That scant history isn’t worth applauding — especially since DC officials created the Office of Latino Affairs in 1976, declaring the goal to achieve an inclusive and diverse government. Multiple-language documents have been distributed, services are provided to the Spanish-speaking population and employment discrimination may have been reduced. However, on the council and in the mayoral suite — where public policy decisions are made, and destinies are determined — the door has remained closed.
Latinos make up more than 5% of the city’s population, according to U.S. Census data. In some wards, like 1, 3 and 4, if they are galvanized, they can help swing an election. They own homes and businesses. “We’re a diverse group. We come here to work and in search of the American dream,” said Lopez, noting that economic development tops the list of priorities for many Latinos. He offered proudly that his mother has owned her home in DC for 20 years.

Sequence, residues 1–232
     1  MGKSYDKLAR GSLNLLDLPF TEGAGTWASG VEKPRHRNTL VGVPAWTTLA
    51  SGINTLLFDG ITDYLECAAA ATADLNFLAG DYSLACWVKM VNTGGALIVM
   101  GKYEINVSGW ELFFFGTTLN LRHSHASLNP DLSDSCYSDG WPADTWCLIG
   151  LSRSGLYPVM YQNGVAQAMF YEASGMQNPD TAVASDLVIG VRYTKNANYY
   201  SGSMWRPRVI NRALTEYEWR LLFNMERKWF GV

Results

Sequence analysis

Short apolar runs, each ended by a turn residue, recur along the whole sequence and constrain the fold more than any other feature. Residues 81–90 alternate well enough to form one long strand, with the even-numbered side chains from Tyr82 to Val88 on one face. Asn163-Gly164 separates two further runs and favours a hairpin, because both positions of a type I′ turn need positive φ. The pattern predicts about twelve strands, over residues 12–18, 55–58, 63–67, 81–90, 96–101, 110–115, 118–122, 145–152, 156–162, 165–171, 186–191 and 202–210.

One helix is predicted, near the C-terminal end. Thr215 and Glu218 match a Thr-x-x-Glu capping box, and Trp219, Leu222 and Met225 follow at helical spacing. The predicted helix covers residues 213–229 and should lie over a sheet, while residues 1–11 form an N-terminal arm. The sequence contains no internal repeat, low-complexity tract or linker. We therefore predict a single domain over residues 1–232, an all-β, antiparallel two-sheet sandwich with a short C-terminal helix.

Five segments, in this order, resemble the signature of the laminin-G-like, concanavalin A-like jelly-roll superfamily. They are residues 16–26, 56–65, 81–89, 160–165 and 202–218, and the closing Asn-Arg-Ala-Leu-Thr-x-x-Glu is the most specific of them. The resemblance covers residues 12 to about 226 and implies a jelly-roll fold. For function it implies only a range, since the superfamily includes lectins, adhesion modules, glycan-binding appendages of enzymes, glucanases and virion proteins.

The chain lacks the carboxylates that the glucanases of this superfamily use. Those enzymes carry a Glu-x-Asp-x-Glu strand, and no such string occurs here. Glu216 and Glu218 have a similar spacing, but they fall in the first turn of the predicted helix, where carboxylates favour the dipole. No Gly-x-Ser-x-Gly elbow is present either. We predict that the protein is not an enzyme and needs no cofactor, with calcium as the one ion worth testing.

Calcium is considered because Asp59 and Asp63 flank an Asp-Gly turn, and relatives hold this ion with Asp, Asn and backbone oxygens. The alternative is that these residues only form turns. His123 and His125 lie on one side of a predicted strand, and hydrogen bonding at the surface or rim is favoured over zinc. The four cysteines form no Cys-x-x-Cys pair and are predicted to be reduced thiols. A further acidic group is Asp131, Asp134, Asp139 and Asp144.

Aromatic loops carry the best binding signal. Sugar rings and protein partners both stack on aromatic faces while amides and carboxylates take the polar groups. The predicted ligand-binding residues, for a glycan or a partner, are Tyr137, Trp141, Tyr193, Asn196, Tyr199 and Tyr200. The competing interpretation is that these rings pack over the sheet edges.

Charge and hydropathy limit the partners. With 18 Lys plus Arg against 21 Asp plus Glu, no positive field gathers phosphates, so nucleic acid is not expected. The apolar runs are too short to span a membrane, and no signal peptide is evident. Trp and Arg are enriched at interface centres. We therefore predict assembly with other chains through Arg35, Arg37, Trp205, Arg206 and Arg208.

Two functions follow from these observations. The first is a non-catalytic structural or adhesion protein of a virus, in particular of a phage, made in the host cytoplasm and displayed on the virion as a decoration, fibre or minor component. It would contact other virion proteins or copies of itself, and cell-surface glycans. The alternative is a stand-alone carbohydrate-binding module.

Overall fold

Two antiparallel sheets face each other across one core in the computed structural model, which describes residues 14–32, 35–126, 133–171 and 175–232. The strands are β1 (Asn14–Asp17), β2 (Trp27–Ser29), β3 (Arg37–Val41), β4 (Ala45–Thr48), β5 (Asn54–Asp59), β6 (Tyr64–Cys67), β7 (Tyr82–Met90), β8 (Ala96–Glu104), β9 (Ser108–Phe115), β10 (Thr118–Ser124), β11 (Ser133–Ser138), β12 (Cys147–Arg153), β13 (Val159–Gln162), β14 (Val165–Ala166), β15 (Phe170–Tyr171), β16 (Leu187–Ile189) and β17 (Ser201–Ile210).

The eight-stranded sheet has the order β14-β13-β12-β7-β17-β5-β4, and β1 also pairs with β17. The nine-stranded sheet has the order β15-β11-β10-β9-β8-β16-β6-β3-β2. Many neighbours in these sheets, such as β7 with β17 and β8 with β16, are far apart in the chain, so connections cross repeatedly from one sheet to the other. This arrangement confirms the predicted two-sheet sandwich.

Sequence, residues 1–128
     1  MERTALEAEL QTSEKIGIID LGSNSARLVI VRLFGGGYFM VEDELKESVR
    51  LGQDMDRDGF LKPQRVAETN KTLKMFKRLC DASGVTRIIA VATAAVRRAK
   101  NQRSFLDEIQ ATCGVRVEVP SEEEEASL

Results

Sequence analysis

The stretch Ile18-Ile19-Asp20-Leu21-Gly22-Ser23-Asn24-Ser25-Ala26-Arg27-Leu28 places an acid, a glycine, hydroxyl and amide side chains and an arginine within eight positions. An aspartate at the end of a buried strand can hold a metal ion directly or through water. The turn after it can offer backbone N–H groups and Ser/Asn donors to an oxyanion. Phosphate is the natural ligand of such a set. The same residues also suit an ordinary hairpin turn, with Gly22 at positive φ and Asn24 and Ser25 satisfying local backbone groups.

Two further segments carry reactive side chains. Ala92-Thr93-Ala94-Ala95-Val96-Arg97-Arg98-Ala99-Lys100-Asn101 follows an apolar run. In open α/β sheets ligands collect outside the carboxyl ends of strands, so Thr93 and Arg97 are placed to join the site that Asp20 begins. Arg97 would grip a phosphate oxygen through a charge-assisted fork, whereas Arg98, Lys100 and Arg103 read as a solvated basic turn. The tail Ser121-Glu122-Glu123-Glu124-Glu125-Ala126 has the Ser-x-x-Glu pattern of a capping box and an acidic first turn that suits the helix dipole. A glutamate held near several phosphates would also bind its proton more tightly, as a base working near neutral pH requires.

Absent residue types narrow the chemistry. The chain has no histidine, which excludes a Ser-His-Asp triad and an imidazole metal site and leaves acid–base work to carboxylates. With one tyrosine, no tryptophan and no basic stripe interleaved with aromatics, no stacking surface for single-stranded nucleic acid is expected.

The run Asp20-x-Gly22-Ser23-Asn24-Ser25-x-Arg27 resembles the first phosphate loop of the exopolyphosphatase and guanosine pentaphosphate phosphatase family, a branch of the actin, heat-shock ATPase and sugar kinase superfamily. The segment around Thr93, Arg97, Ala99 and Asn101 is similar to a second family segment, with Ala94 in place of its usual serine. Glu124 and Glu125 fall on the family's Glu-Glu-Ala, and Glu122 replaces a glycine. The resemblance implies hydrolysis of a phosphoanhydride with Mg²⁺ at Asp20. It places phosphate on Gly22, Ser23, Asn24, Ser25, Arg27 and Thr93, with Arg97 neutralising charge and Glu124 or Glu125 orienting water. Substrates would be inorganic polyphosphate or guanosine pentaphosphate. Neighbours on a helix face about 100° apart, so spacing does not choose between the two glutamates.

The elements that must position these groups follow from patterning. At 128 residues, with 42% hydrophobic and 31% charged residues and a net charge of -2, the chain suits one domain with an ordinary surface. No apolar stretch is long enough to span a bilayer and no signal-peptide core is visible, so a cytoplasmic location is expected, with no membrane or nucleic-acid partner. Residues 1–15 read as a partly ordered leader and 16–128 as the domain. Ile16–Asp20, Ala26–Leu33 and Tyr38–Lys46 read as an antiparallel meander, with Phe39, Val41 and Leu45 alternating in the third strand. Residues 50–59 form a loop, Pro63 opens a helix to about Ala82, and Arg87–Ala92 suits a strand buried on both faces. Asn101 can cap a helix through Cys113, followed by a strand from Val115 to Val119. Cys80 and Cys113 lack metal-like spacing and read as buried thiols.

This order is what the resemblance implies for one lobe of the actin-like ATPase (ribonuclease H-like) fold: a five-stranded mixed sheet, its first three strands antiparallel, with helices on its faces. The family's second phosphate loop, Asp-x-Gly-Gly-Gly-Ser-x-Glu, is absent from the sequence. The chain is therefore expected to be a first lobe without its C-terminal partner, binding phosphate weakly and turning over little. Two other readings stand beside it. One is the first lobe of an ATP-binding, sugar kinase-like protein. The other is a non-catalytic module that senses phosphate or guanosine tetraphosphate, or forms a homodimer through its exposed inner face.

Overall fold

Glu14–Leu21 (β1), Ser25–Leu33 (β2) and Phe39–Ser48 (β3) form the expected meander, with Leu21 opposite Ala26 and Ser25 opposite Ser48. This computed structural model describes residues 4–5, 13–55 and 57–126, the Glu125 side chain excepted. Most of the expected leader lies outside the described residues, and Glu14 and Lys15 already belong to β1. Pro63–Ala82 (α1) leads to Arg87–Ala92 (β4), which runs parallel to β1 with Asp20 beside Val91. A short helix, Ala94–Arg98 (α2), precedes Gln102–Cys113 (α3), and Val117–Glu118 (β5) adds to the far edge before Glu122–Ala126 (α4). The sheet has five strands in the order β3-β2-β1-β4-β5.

Jose Sueiro once owned and published two local newspapers — El Latino and La Nación — and has been active in the political and cultural life of the city for more than 30 years, including a stint as an advisory neighborhood commissioner in Adams Morgan. Today, he writes a blog and is managing director of a Hispanic contractors’ group, whose members employ more than 10,000 workers. “There are a lot of changes going on in the city,” he told me. “There is talk about running a candidate in the Ward 1 race the next time around.”
Regardless of their increasing economic clout, Latinos often are treated as if they’re a single-issue population, concerned primarily with immigration. Locally, most of us care about stopping abusive national policies that separate families at the country’s southern border and keep children in cages. The District has long been a sanctuary city.
Latinos have common ground with other District residents on a variety of issues. They’ve demonstrated an active interest in affordable housing, quality public education, a fair criminal justice system, income equality and human rights.
Cristaldo said he worked for nearly eight years with the nonprofit housing provider Manna; he has also managed tenant purchase projects. He was a member of Mayor Anthony Williams’ Rental Housing Conversion Task Force.
“I am a DC community activist who just happens to be Latino. The city can’t be displacing 20,000 African Americans and Latinos. We need to do better,” he told me during an interview. He said he jumped into the council race because “it was the right time for me personally.“